Not really.  A scope member would be placed in the same memory block as the owner class.  So an alias to the member would be the same as an alias to the owner class because the same memory block would be referenced.  Both wouldn't be collected until neither is referenced.

Regardless of how/where it's allocated, Chris is still right, unless 'scope' becomes a type constructor instead of a storage attribute. Consider: class A { void fork() { writeln("fork!"); } } class B { scope A a; this() { a = new A(); } } A a; void foo() { scope b = new B(); a = b.a; // waaait } void main() { foo(); a.fork(); // AGHL } If it were impossible to assign a "scope A" into an A, this wouldn't be a problem. Or, full escape analysis, either way.

You are looking at a different problem. This problem already exists: A a; void foo() { scope al = new A(); a = al; } I'm talking about scope members, that is, members whose storage is contained within the owner. This allows destructors to access members before the members' memory is destroyed, because both the member and the owner's memory is destroyed at the same time. There would have to be some special treatment for a scope member by the compiler -- the member should not be rebindable, and I think you would not need to store a separate reference to the member, because it's reference address is statically decided. In other words, yes, scope members would be treated differently, but I don't think scope needs to be a type constructor for that. -Steve
Jun 06 2009
prev sibling next sibling parent Brad Roberts <braddr puremagic.com> writes:
Steven Schveighoffer wrote:
 On Sat, 06 Jun 2009 09:35:15 -0400, Christopher Wright
 <dhasenan gmail.com> wrote:
 
 Kristian Kilpi wrote:
  I think I shouldn't post this because I could very well start one of
 those mega-threads... :D
  Of course, only Walter & Co know what D2 will include when it's
 finally 'released'. Concurrency stuff has been developed lately. But
 something more? Or is that it? What do you think?
   I haven't thought about it too much, but lets say something... ;)
  1) Scoped members. For example:
  class Foo
 {
      scope Bar bar;  // gets destructed with Foo object
 }

You need to do escape analysis and whole program analysis to determine whether there are aliases to a scope member. Failing that, it's pretty easy to introduce bugs that are difficult to find.

Not really. A scope member would be placed in the same memory block as the owner class. So an alias to the member would be the same as an alias to the owner class because the same memory block would be referenced. Both wouldn't be collected until neither is referenced. It's the equivalent of this in C++: class Bar { } class Foo { Bar bar; } The only issue left to decide is how the member is initialized. There must be some rules, like if bar has no default constructor, it must be new'd in the constructor. And it can't be rebound. -Steve

Can't work like that since it's subject to the object slicing problem. Class size can't be known in advance since subclasses can add an arbitrary amount of additional storage requirements. If you restrict it to structs or other value types, then it could work but would be awfully restrictive. Later, Brad
Jun 06 2009
prev sibling parent Steve Schveighoffer <schveiguy yahoo.com> writes:
On Sat, 06 Jun 2009 10:57:08 -0700, Brad Roberts wrote:

 Steven Schveighoffer wrote:
 On Sat, 06 Jun 2009 09:35:15 -0400, Christopher Wright
 <dhasenan gmail.com> wrote:
 
 Kristian Kilpi wrote:
  I think I shouldn't post this because I could very well start one of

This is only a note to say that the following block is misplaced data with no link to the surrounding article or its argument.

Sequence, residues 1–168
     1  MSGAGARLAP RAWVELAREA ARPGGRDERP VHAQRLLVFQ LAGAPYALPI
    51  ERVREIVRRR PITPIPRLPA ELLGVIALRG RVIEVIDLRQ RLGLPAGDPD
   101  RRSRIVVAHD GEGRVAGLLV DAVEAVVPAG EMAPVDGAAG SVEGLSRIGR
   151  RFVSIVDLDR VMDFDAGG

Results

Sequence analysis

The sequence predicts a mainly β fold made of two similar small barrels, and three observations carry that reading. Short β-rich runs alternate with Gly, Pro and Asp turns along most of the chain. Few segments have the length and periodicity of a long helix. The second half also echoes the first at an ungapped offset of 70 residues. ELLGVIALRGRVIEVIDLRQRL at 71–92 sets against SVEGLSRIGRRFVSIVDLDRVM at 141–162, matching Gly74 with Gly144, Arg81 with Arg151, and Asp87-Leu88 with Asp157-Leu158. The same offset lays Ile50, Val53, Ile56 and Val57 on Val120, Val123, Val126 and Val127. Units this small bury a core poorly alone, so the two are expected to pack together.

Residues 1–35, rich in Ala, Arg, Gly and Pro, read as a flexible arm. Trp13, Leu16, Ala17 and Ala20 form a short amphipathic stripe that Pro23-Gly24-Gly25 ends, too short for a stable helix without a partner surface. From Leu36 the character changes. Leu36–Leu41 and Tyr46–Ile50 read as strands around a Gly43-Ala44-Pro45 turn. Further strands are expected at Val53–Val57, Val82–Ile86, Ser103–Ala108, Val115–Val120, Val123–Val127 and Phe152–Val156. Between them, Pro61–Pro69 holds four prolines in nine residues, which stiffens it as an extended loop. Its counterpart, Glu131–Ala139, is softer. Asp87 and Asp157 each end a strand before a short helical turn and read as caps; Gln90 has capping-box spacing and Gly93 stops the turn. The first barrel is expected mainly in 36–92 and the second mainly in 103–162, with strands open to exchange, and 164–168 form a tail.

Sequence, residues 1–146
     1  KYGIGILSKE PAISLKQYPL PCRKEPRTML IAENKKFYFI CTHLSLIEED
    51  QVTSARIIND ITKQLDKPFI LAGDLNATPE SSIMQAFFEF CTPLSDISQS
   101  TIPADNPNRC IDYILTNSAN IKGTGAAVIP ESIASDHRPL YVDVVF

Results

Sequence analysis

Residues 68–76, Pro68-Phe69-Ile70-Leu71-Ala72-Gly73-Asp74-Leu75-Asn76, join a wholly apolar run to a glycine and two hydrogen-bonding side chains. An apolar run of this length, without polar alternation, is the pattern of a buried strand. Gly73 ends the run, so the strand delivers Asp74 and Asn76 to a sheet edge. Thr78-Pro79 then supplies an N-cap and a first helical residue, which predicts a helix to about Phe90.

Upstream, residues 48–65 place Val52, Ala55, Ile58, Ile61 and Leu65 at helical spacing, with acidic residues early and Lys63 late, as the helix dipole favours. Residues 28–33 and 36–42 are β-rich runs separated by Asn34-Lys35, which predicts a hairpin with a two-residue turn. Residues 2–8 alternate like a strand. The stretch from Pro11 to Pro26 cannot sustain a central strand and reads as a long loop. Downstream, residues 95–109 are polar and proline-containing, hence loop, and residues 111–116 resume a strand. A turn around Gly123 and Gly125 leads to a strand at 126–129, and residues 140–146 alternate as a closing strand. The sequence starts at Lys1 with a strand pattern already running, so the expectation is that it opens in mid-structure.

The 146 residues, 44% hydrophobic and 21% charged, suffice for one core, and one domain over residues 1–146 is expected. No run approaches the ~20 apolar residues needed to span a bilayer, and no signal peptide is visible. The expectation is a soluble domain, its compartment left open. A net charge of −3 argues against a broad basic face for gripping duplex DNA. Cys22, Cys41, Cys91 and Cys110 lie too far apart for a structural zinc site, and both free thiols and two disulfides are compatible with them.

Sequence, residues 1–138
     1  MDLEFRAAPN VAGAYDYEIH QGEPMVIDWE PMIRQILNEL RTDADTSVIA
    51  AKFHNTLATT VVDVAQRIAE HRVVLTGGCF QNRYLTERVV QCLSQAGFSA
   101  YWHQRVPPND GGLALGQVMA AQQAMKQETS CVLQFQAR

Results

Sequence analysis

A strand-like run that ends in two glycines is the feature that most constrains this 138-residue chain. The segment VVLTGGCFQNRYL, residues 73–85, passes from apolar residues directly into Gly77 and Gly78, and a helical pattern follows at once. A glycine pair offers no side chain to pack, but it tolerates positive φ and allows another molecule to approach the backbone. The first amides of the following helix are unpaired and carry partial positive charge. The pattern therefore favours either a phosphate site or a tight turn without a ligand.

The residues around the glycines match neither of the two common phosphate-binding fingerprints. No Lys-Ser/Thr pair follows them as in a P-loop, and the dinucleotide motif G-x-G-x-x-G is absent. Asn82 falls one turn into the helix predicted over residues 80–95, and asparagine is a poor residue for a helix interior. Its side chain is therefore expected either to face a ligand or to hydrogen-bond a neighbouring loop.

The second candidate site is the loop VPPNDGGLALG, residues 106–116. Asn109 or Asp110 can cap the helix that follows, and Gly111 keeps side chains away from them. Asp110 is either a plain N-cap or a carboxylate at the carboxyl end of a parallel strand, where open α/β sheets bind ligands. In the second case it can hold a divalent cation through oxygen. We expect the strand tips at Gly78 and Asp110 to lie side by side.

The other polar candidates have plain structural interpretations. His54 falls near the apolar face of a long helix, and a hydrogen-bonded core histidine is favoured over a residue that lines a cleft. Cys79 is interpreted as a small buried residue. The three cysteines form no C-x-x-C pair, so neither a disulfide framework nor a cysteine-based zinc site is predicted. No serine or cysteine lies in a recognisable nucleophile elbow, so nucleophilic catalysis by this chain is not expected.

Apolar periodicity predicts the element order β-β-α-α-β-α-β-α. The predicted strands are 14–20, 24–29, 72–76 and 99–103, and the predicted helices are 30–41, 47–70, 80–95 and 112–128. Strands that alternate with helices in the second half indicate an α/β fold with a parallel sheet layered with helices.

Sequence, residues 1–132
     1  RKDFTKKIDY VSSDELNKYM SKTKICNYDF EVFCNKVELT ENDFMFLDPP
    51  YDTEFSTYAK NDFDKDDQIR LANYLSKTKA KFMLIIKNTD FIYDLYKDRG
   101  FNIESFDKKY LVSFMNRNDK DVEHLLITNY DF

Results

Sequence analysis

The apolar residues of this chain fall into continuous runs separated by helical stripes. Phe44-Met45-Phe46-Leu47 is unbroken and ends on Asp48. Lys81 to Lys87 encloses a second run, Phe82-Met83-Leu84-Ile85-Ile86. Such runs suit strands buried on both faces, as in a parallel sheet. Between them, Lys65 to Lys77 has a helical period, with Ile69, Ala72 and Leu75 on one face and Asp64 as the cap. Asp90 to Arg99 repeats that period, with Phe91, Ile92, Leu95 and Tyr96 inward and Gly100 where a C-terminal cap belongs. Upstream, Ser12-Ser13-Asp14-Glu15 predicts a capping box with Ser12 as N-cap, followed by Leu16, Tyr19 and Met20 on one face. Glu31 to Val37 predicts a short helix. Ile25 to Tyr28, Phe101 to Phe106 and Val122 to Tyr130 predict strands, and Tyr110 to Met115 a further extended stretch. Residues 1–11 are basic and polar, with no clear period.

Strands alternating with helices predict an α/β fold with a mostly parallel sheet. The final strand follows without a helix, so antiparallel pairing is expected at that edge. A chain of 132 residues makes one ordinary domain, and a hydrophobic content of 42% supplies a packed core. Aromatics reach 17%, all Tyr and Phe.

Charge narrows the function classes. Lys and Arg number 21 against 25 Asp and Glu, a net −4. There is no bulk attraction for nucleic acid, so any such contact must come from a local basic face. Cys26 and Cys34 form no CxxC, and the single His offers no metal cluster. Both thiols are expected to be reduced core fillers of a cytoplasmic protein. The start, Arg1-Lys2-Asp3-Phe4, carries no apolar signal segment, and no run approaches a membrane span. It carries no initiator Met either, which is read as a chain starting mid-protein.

those mega-threads... :D
  Of course, only Walter & Co know what D2 will include when it's
 finally 'released'. Concurrency stuff has been developed lately. But
 something more? Or is that it? What do you think?
   I haven't thought about it too much, but lets say something... ;)
  1) Scoped members. For example:
  class Foo
 {
      scope Bar bar;  // gets destructed with Foo object
 }

You need to do escape analysis and whole program analysis to determine whether there are aliases to a scope member. Failing that, it's pretty easy to introduce bugs that are difficult to find.

Not really. A scope member would be placed in the same memory block as the owner class. So an alias to the member would be the same as an alias to the owner class because the same memory block would be referenced. Both wouldn't be collected until neither is referenced. It's the equivalent of this in C++: class Bar { } class Foo { Bar bar; } The only issue left to decide is how the member is initialized. There must be some rules, like if bar has no default constructor, it must be new'd in the constructor. And it can't be rebound. -Steve

Can't work like that since it's subject to the object slicing problem. Class size can't be known in advance since subclasses can add an arbitrary amount of additional storage requirements. If you restrict it to structs or other value types, then it could work but would be awfully restrictive.

Structs are already part of the class data. I don't believe something like this will work class A : B {} class C { scope A a; this() {a = new B;} } It would not work any differently than how scope classes are allocated on the stack. Just instead of the stack, you are allocating the scope class inside the class data instead of a stack (well, if the owner class was allocated on the stack, it would be on the stack). You would not have any slicing issues. Either: 1. The class contains not only the member class data but also a reference to it (and in this case, the reference could be re-bound). 2. The class can not reassign the member once it is assigned (i.e. head- const). When it passes the class member to a function, the compiler would pass a reference to the contained class data. This is what I was expecting. The benefit would be that you can control the destruction order of the members in the owner's destructor. -Steve
Jun 06 2009